The same phenomenon occurs with white pine and hardwood maple, except that hardwoods generally outnumber softwoods in this particular region. The presence of hardwoods around softwoods is actually beneficial to the health of the latter because it helps prevent erosion; rainwater running off the hardwoods tends to accumulate in the low spots, forming small ponds that provide habitat for plants and wildlife. The accumulated rainfall from all the hardwoods in the vicinity forms the massive Mount Holyoke, visible from nearly everywhere in the park. Because of this heavy precipitation, the uppermost layer of soil atop the bedrock consists primarily of siltstone rather than loam, a type of soil that is richer in nutrients and supports denser vegetation.
Loam soils occur deeper down, where they are protected from the surface waters that flow in from the mountainside until they evaporate or are absorbed by the plant life. As a result, shrubs and trees cannot survive in some areas of the park above the depth of the siltstone, which is about 150 feet (46m) in many places. However, a number of rare plants do exist in isolated patches in the northern reaches of the park. Plants that require special attention are those that are endangered, threatened, uncommon, or unusual in Massachusetts. Examples include the purple loosestrife, which was introduced into the Commonwealth and has spread widely; the rattlesnake root, which grows underground and is very difficult to detect; and the cranberry, which thrives in acidic peat bogs.
The Friends of Massasoit State Park organization led efforts to preserve approximately 375 acres (150ha) of the park as open space for future generations to enjoy. An agreement was reached with the owner of record, the Stearns Corporation, who granted deed restrictions to the town of Hadley for the lands to be preserved as open space if the town could raise enough money to pay half the cost of acquisition. Playgrounds, soccer fields, and volleyball courts are available. The park includes a beach on the Connecticut River, which is accessible via a boat launch. Fishing and canoeing rentals are offered during May through Columbus Day, times/days of the week vary, however swimming is never permitted. The park has nine miles (14km) of equestrian trails, seven miles (11km) of mountain bike trails, four miles (6.4km) of multi-use trails, and ten miles (16km) of road bicycle routes. Additionally, there is a 7.5 mile (12.1km) loop for hikers and bicyclists. Dogs are prohibited on the trails and roads. The park has 100 campsites, 60 of which have electrical hookups, and 30 primitive walk-in tent sites.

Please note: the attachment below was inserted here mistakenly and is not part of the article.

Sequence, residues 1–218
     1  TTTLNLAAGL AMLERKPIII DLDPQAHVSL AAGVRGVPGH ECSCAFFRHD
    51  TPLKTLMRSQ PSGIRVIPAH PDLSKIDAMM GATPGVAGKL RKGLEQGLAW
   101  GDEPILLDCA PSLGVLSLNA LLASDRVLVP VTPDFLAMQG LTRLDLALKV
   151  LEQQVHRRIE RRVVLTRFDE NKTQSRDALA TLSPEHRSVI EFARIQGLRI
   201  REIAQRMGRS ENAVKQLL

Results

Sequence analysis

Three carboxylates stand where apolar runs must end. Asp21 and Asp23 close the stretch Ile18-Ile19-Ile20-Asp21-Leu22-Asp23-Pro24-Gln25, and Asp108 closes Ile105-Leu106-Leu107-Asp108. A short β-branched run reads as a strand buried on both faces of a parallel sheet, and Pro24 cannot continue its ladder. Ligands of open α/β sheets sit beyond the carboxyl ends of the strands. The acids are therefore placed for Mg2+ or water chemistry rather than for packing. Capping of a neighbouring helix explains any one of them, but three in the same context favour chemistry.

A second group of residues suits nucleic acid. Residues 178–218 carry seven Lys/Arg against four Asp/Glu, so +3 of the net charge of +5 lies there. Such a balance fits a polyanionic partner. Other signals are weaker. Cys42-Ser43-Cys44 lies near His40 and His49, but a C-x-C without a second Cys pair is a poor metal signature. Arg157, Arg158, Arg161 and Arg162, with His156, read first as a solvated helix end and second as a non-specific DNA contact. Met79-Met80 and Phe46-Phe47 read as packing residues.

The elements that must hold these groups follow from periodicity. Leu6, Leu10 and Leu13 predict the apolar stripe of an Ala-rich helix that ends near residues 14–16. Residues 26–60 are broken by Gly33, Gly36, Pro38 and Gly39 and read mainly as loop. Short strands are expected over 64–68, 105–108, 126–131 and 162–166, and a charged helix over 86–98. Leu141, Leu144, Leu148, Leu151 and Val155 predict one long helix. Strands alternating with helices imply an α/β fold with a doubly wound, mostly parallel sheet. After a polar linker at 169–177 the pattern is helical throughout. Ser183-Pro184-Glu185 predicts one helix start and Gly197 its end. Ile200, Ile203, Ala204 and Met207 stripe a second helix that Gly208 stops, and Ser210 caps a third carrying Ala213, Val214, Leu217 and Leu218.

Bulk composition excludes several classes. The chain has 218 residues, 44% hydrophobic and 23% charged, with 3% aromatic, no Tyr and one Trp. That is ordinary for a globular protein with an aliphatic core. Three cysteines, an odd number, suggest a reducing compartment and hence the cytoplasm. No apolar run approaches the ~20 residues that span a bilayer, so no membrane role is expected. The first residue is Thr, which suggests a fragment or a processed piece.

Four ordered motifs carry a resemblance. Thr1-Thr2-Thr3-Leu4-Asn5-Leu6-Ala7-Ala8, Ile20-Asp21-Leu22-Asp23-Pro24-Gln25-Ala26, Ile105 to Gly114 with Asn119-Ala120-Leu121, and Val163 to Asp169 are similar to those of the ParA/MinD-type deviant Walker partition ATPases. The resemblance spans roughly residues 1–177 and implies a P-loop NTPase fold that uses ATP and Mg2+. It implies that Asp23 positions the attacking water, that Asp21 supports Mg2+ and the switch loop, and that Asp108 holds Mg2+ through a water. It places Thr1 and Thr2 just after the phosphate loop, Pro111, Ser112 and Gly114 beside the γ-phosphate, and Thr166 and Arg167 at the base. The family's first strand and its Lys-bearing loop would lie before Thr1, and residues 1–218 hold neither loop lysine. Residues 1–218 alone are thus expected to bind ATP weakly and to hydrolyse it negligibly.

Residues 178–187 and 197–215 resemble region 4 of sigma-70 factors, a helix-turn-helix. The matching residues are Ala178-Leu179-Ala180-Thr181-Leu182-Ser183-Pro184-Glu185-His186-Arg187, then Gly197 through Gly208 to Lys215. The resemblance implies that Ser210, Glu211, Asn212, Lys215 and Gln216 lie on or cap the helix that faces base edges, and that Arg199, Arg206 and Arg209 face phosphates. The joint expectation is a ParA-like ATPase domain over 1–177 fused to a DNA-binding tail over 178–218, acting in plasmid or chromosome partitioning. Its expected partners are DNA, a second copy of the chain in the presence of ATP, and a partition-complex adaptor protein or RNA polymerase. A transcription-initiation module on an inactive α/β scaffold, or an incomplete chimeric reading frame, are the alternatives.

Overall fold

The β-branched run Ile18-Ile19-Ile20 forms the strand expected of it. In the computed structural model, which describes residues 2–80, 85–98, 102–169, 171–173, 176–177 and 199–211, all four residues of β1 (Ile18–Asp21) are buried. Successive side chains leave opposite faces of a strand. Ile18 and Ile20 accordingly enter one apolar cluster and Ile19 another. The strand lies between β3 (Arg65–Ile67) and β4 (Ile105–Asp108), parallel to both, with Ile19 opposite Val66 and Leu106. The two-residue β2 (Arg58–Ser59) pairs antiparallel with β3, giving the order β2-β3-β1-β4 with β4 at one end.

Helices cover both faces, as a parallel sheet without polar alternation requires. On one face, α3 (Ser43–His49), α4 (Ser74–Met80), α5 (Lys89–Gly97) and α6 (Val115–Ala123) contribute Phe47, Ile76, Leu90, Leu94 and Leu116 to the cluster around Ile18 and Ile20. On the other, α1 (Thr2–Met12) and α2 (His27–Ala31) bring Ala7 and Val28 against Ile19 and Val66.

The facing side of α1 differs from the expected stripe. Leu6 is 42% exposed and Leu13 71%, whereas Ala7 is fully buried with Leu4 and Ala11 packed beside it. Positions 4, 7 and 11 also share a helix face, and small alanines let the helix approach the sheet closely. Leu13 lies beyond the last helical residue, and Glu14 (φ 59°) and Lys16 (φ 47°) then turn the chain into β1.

The park was among 13 parks created when the DCR was founded in 1949. In 1958, the adjacent landowner, the Stearns Corporation, sold 350 acres (140ha) including the mineral rights for $400,000 to create what would become one of America’s most popular summer resorts, Mount Holyoke Resort. After being closed during World War II, it reopened in 1952 under the name “Cedar Glen Camp”. A second campground opened in 1957. In 1959, Cedar Glen changed its name to “Mount Holyoke”, but reverted to “Massasoit” two years later. By this time, the resort had grown to more than 2,000 acres (810ha). The state took possession through eminent domain from the city of Hadley on June 3, 1964, creating Massasoit State Park. At that time, there were about 200 campsites divided into tent or trailer sites as well as cabins, hotels and other facilities.
The park offers opportunities for:
- mountain biking
- horseback riding
- cross country skiing
common game animals hunted here are:
- White-tailed deer
- ruffed grouse